• [0044]
    Of course, the system can comprise other target modules (not represented) like the module 23.
  • [0045]
    In the example represented in FIG. 2, an interface and control module 20 (I/F) is disposed between the modules 21 and 23 to which it is coupled by communication buses 40 a and 40 b respectively. The bus 40 a is for example the communication bus of the ST7 microcontroller, whose communication protocol does not provide for any “handshake”. The bus 40 b is for example a VCI OCB (“VCI On Chip Bus”) bus whose communication protocol, complying with the specifications of the VCI standard, provides for a “handshake”.
  • [0046]
    The module 20 comprises a control unit (FIG. 4) for effecting the interface between the respective protocols of the bus 40 a and of the bus 40 b.
  • [0047]
    The module 21 is activated by the edges of a clock signal CK_I1. The module 20 is activated by the edges of a clock signal CK_CTRL. The signals CK_I1 and CK_CTRL are for example delivered by a clock generator (not represented). Here, the activation edges of all the clock signals are considered for example to be the rising edges.
  • [0048]
    When the initiator module 21 is an ST7 microcontroller, the frequency of the clock signal CK_I1 is for example equal to 15 or 30 MHz, according to the current operating mode of the microcontroller. The frequency of the clock signal CK_CTRL is for example twice as large as the maximum frequency of the signal CK_I1. In the example above, the frequency of the signal CK_CTRL may thus be equal to 60 MHz or more. However, this property is not necessary to the implementation of the invention.
  • [0049]
    In the example represented, the system furthermore comprises an address decoder 22. This address decoder (@DEC) is coupled to the bus 40 a, to decode the address signals deposited by the initiator module 21 on the address bus of the bus 40 a as parameters of an access request.
  • [0050]
    The address decoder 22 delivers a target module selection signal, CS_T1, associated with the target module 23, when the access request relates to a data register of the said module 23. Likewise, it delivers a signal CS_ROM for selecting the program memory 26 when the initiator module accesses same to extract the next instruction to be executed. In an example considered here, the signals CS_T1 and CS_ROM are binary signals active at the logic 1 level, corresponding to a high electrical level.
  • [0051]
    The diagram of FIG. 3 illustrates the connection of any functional module 50 to a communication bus 40 which comprises channels for communicating information between this module and another module of the system.
  • [0052]
    The communication bus 40 may thus comprise, in an example, a data bus 51, an address bus 52 and a control bus 53. In certain cases, the data bus 51 comprises a data sub-bus for the reading of data, and a data sub-bus for the writing of data. The functional module 50 comprises a communication port 54, which may be of master type or of slave type depending on whether the module 50 is of initiator type or of target type, respectively. The port 54 allows the linking of the module 50 to the communication bus 40.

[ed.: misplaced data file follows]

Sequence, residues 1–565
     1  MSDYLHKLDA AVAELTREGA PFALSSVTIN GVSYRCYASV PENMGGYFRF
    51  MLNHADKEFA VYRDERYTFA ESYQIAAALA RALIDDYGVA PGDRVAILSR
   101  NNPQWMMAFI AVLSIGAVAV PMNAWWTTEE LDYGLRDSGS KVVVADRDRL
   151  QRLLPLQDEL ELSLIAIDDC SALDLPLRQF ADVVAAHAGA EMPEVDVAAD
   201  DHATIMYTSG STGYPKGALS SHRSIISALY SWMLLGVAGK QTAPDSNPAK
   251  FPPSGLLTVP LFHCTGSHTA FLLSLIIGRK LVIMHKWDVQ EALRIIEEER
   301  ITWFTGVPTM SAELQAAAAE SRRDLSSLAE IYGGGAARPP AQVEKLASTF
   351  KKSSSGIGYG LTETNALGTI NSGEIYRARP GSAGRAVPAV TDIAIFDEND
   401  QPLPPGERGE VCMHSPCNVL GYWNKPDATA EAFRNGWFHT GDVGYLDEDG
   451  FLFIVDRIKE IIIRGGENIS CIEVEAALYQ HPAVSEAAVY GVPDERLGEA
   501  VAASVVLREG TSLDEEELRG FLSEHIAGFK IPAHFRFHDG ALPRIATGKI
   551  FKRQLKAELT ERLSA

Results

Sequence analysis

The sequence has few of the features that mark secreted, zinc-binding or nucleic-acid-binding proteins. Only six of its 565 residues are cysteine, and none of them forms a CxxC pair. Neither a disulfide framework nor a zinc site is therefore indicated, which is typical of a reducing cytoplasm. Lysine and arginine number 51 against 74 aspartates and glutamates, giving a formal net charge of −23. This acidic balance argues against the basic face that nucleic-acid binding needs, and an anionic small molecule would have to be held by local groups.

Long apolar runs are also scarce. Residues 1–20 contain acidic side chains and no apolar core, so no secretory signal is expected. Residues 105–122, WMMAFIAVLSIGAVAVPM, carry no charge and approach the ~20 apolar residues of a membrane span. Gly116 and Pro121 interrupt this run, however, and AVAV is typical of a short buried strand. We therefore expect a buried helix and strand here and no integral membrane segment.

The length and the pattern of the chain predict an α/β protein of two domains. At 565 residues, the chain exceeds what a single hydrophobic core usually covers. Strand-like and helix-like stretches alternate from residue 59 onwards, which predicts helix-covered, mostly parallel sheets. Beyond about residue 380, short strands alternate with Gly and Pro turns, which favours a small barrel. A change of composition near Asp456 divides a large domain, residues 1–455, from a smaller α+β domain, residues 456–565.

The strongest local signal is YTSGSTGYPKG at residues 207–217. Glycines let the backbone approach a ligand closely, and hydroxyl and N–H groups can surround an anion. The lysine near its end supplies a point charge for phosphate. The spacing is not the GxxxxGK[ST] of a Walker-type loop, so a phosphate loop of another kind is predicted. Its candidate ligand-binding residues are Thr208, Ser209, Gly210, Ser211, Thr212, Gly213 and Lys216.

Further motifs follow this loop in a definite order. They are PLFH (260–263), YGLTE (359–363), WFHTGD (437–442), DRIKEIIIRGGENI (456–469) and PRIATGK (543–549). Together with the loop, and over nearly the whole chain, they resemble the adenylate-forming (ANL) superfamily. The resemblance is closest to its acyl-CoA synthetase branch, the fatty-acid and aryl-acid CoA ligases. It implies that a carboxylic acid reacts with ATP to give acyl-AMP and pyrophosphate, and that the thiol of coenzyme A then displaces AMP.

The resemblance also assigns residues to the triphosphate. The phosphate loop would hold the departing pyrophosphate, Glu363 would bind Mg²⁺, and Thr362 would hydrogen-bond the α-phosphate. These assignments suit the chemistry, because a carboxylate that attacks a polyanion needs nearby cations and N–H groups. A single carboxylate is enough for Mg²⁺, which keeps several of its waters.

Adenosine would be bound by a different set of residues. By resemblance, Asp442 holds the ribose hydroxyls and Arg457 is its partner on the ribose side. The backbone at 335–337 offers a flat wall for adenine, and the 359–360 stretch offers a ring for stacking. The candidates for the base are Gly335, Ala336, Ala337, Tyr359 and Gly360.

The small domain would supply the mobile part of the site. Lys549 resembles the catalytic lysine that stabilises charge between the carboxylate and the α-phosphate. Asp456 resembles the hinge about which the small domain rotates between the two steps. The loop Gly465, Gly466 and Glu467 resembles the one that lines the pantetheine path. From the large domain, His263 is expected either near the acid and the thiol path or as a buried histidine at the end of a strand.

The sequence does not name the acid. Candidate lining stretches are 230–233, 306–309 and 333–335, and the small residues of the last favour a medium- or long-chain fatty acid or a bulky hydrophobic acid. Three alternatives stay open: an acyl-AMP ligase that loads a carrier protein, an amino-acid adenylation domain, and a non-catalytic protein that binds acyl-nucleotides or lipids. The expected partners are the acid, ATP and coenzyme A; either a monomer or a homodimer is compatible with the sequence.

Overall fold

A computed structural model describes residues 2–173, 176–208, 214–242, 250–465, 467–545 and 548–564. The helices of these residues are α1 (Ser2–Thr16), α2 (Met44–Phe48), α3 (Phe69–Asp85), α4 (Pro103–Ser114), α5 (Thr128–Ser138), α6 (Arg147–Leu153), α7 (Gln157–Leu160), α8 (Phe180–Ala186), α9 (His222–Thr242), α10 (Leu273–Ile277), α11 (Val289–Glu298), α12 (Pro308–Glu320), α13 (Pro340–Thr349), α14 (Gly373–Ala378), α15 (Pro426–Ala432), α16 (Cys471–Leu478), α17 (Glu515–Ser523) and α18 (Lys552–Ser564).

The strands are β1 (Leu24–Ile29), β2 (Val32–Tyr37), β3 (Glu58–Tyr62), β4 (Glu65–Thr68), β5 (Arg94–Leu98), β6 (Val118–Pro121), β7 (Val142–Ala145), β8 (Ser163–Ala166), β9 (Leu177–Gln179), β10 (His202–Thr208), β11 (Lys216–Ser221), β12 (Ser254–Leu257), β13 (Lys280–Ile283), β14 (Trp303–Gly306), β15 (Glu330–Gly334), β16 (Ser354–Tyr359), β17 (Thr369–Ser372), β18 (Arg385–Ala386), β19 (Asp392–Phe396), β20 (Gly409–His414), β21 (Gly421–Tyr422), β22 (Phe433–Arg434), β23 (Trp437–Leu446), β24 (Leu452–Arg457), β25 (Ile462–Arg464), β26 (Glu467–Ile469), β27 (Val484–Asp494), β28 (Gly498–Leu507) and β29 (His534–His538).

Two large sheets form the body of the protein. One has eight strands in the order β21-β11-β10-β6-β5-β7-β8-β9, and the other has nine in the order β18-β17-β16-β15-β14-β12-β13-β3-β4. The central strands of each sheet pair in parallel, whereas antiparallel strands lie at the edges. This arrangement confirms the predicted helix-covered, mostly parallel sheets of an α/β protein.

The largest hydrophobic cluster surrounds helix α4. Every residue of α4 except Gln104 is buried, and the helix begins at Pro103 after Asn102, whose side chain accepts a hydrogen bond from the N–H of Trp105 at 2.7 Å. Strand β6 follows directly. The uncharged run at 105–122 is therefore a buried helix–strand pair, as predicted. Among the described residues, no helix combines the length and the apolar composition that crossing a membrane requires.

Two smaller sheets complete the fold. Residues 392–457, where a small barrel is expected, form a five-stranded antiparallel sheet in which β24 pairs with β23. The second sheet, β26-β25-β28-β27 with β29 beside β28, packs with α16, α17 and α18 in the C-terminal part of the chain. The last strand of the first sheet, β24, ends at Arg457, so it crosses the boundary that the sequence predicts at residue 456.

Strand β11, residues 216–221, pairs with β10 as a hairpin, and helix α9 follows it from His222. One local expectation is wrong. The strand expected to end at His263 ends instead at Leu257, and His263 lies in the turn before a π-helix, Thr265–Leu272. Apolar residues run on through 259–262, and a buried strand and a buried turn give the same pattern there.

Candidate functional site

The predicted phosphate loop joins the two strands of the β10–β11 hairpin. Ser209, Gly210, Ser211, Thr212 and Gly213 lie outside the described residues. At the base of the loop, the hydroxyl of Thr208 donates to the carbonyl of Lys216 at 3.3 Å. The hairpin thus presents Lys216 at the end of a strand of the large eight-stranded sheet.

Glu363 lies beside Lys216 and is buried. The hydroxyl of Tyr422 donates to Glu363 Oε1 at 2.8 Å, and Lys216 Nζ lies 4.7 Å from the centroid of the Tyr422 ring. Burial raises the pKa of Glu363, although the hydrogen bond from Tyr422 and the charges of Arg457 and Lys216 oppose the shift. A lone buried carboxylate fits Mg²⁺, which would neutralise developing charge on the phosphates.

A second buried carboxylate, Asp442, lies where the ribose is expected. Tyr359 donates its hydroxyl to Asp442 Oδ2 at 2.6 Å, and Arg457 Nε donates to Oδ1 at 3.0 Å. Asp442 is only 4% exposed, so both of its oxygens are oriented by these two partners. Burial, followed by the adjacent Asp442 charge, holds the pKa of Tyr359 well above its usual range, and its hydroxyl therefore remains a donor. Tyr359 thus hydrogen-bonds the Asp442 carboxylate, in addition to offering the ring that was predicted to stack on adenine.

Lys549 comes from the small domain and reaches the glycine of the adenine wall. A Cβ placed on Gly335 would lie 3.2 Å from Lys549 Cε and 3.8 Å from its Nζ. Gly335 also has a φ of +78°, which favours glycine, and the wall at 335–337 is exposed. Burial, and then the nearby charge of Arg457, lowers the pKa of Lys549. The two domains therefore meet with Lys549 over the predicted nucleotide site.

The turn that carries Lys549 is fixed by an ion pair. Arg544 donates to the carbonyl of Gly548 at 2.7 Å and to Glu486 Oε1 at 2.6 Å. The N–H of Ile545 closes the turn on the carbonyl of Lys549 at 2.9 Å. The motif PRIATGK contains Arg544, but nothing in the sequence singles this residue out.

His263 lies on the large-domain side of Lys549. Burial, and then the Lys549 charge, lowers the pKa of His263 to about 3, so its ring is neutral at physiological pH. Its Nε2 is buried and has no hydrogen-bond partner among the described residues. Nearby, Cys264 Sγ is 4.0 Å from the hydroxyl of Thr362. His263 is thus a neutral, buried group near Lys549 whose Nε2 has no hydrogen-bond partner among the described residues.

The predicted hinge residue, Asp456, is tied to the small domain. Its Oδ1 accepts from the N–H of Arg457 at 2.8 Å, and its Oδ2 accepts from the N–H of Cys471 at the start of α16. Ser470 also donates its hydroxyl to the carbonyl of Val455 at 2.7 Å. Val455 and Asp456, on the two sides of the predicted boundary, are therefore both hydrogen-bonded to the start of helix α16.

• [0053]
    The data bus 51 is used to transmit the data signals (D), which contain the information exchanged between the modules of the system.
  • [0054]
    The address bus 52 is used to transmit the address values (@), which identify the register of a target module in which the data transmitted over the data bus have to be read or written, as well as possibly their location inside the module concerned.
  • [0055]
    Finally, the control bus 53 is used to transmit the control signals. Such signals serve in particular the initiator modules for making requests for access to registers in the target modules. They also serve the target modules for indicating the end of a transaction, and possibly the success or the failure of the transaction. Other control signals also serve to define the direction of the transaction (read/write signal, commonly denoted R/W signal), to synchronize the exchanges, etc.
  • [0056]
    A first embodiment of the interface and control module 20 will now be described with reference to the diagram of FIG. 4. The connection of the module 20 to the initiator module 21, to the address decoder 22, and to the target module 23 is also represented in this figure.
  • [0057]
    When the initiator module 21 executes a determined instruction, it initiates one or more requests for access to the target module 23. The parameters of such a request are deposited on the bus 40 a, so as to be input to the interface and control module 20. These parameters comprise control information, address information and data information, in the form of logic signals transmitted over the lines of the bus 40 a. Corresponding signals are delivered by the module 20 to the target module 23 via the bus 40 b, complying with the specifications of the protocol of the bus (both from the purely protocol point of view and from the point of view of the shaping of the signals at the electrical level).
  • [0058]
    The control information comprises a R/W control signal which is a read/write signal. Such a signal is delivered by the initiator module 21 to the interface and control module 20 via the control bus 53 of the bus 40 a. It is for example set to the logic 1 state when the initiator module 21 needs write access to the target module 23, and to the logic 0 state when the initiator module 21 needs read access to the target module 23. It will be noted that a signal of the same kind is produced by the interface and control module 20 and is delivered to the target module 23 via the control bus 53 of the bus 40 b, complying with the specifications of the protocol of the bus.